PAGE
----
As I mentioned before, after Acrobat 1.0, there was a bit of shake up in the planning stages of Acrobat 2.0. There were plans afoot to get a UNIX version (but which one?), would DOS be a supported platform in the future, how would full-text search fit in, what about that whole OCR team anyway and so on.
I finally got to move onto the Search team full time. At this point, I was way behind the Windows side and had a huge amount of work to do to catch up. This meant that I was no longer working on the Mac viewer anymore. Mike Pell was doing several jobs (release engineering/installers, UX work, etc). So management brought in two young men from Stanford – Gordon Dow for the Mac Platform and Alan Padgett for the Windows platform. That they came from Stanford should not have been a surprise. There were a number of people on the team with a Stanford education (CS or otherwise), and there was always a lot of talk about Big Game. I neither went to Stanford not have ever had a particular interest in football, so that who thing was totally lost on me.
Both Gordon and Alan were monster coders with all the benefits of youthful energy and a fresh college education where C++ was the new hotness. When I left college a few years earlier, C++ was an idea that only existed in a bizarre compiler called cfront which turned C++ code (slowly) into C code. Microsoft had adopted C++, but there were still no full implementations on the Mac. We had used Think C for Acrobat 1.0, but it was fairly limited in its scope.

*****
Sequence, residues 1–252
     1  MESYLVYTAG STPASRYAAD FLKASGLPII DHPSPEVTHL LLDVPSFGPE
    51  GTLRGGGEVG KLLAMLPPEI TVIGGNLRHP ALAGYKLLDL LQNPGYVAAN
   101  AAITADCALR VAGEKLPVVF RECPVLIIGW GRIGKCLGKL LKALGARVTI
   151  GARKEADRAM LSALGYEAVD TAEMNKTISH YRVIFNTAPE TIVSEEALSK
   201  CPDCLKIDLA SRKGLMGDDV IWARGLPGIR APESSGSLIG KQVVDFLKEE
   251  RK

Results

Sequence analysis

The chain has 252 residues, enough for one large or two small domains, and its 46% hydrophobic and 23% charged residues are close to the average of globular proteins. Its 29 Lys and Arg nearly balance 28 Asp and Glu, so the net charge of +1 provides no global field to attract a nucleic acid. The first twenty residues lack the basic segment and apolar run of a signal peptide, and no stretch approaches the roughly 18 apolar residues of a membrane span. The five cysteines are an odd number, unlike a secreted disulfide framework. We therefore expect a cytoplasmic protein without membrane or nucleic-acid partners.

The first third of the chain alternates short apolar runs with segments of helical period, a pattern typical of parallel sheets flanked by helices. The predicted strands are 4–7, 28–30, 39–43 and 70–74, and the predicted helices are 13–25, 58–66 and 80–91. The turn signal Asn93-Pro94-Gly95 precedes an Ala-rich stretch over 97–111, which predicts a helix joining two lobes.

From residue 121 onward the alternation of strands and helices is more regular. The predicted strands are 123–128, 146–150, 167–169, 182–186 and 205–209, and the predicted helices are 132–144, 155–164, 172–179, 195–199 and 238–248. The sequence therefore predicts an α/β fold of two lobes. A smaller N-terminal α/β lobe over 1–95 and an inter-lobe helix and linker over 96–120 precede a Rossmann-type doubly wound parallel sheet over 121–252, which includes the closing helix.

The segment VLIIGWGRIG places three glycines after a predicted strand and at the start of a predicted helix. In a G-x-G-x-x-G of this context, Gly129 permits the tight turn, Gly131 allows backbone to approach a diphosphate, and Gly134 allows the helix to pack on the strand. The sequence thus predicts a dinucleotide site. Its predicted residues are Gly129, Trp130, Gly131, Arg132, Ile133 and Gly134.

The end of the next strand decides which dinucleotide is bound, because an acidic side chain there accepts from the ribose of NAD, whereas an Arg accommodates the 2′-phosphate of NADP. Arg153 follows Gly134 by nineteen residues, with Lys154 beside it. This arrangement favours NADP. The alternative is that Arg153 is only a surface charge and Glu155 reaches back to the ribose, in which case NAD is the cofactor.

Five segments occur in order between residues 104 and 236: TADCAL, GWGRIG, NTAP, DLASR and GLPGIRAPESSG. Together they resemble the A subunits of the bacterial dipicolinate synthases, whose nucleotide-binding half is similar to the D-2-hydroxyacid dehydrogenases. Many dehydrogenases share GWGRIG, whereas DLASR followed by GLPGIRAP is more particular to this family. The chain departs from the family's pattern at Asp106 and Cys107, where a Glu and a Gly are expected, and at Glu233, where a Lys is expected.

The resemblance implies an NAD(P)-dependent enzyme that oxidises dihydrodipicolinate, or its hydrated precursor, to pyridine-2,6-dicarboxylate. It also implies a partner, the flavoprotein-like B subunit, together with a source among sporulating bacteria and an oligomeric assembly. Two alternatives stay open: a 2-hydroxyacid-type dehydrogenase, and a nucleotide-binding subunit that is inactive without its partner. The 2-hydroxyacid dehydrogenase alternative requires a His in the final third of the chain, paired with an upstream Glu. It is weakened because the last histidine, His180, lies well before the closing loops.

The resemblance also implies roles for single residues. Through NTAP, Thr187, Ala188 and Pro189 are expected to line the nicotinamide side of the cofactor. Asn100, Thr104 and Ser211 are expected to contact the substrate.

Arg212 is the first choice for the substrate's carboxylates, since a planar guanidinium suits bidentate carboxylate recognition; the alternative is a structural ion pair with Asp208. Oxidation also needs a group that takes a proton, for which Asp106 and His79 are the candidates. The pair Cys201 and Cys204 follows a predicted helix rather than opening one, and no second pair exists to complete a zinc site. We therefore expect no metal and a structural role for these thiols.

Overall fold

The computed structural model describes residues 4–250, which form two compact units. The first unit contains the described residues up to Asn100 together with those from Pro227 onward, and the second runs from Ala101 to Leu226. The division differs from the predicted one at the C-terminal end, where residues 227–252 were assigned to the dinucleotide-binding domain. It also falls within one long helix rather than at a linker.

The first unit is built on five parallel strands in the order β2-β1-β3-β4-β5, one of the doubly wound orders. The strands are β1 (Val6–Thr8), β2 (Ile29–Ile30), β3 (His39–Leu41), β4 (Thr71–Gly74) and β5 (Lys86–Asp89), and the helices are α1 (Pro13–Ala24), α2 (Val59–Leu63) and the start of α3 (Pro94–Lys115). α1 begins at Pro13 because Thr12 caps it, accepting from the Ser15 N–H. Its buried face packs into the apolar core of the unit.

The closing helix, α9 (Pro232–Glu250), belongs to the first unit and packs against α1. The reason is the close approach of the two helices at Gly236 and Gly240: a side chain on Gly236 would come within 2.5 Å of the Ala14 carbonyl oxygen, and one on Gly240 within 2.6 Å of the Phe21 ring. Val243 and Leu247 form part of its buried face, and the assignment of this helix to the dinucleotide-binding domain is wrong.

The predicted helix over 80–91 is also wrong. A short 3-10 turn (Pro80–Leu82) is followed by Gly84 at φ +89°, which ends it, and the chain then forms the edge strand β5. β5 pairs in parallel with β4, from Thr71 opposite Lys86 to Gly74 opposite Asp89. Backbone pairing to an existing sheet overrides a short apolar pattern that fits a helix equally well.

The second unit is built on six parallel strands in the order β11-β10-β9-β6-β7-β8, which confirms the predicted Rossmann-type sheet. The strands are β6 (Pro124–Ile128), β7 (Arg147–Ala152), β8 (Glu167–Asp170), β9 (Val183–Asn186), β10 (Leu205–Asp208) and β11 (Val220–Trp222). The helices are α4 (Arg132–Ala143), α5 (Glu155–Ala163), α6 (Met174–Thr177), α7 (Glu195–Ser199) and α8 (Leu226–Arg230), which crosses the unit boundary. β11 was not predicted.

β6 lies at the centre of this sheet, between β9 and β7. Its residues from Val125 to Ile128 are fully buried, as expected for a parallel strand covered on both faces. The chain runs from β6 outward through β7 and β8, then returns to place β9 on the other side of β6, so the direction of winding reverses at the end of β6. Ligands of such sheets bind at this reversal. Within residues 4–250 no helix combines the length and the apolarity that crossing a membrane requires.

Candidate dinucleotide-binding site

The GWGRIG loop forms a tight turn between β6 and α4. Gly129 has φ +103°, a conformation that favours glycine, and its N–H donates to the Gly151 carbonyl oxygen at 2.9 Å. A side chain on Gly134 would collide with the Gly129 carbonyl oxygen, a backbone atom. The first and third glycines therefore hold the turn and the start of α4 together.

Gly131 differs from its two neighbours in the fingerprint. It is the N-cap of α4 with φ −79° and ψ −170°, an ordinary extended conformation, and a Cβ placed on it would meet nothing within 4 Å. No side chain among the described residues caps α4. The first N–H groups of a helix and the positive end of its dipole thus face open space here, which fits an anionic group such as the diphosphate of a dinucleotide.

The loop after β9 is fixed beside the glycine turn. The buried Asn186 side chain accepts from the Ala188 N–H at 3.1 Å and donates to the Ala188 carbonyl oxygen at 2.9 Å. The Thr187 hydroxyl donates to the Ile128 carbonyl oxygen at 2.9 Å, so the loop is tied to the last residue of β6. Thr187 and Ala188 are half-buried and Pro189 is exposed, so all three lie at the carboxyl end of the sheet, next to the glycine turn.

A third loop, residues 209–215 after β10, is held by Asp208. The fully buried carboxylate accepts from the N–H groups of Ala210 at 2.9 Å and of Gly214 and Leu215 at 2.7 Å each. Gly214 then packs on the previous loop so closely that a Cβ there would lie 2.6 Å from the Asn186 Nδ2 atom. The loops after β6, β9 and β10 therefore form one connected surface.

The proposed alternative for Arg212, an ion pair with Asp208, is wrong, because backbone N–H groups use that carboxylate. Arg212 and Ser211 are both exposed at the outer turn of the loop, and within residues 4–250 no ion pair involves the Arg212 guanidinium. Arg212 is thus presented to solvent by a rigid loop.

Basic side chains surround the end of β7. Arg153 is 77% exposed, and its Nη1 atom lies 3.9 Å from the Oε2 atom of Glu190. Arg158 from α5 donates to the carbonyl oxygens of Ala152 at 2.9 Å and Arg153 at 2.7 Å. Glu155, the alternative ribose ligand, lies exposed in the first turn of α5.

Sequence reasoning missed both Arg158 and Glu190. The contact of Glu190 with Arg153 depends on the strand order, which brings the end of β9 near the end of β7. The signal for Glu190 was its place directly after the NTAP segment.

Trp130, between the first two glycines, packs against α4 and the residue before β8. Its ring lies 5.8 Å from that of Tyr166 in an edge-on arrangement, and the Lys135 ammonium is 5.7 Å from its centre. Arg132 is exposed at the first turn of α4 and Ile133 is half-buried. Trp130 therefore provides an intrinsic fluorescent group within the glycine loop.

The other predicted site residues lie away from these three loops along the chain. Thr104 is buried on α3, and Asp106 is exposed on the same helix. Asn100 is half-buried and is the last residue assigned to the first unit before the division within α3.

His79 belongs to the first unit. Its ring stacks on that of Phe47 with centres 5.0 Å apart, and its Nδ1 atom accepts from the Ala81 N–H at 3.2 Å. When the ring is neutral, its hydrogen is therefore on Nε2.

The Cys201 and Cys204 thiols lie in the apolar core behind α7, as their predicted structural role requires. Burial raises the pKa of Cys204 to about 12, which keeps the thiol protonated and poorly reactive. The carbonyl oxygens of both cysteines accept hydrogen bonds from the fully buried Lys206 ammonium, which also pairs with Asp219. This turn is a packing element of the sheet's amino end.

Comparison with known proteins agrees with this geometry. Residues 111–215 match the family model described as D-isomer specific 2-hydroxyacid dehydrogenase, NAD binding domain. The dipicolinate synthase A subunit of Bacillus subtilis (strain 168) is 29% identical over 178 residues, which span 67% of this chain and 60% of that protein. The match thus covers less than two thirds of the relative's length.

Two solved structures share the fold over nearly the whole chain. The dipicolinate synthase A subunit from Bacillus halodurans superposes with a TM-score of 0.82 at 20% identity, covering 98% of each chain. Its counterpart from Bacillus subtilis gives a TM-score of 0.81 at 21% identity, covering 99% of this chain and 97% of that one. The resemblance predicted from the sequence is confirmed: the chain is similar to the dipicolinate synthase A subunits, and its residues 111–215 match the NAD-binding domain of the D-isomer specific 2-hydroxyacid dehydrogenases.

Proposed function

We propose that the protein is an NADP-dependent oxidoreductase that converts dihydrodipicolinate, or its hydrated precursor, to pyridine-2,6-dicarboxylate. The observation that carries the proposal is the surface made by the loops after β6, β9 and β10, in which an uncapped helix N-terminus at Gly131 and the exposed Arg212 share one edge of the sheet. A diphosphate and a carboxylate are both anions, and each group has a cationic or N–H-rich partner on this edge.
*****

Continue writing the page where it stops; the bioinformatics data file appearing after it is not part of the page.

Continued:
Gordon and Alan did a lot of the grunt work. For example, I had thunking mechanism that was friendly to C and Pascal calling conventions and hoisted it over to Gordon who refined it for use in Acrobat as well as later figuring out what to do when a C call into a C++ callback threw an exception and other mind-bending puzzles.
Gordon and Alan were an interesting pair – really kind of an odd couple. Gordon was very intellectual, introverted and reserved. Alan was smart, extroverted, and very outgoing. At various points, they shared work space. Gordon put on headphones because Alan programmed with sound effects. No seriously. It seemed like when he finished a particular phrase, it would be punctuated with something like “Shuh-keuh!”
Also brought onto the team was Steve Herskovitz as team lead, an experienced Mac engineer who had escaped from the ATM team. In the 2.0 product, a lot of the code was rewritten. My built-in search code, for example, got chucked. It was built for speed and light memory usage, but Moore’s law had eclipsed it entirely and instead Acrobat was going to have Daryoush Paknad’s Wordy algorithm (used for full-text indexing) instead. At one point, Steve called me into his office to go over some behavior that was in 1.0 and how it was in 2.0. He was showing me a highlight of some non-linear text and it looked awful to me compared to 1.0. I know why, too – I had sweated a lot to get the details of text highlighting correct and I took it as a personal affront to see what was happening to the product. I was being passive aggressive to Steve and he lost his temper – my fault entirely. He snapped me back to reality with one curt question: “are you going to talk or are you going to listen?” I reigned my behavior in and then tried to explain what I had done, how I did it and why and then left him with the task of emulating it as best he could. Not my problem anymore, but I learned a bit about my own pride in the process.
We had a small kitchen in our wing with a fridge stocked with soda, coffee and so on. Steve frequently brought in a grapefruit on which he wrote an abbreviation of his name: “Hersker”. One seeing one, I imagined that Steve was an agranthrope – a creature who turned into a fruit/vegetable during a full moon. I told him as much, but like many of my jokes, I think it fell on deaf ears.
It was hard seeing so much of my work getting thrown out wholesale, but most of it was for the best for the new architecture of 2.0. Besides, I was too busy trying get the Mac search engine done to spend a lot of time crying over those changes.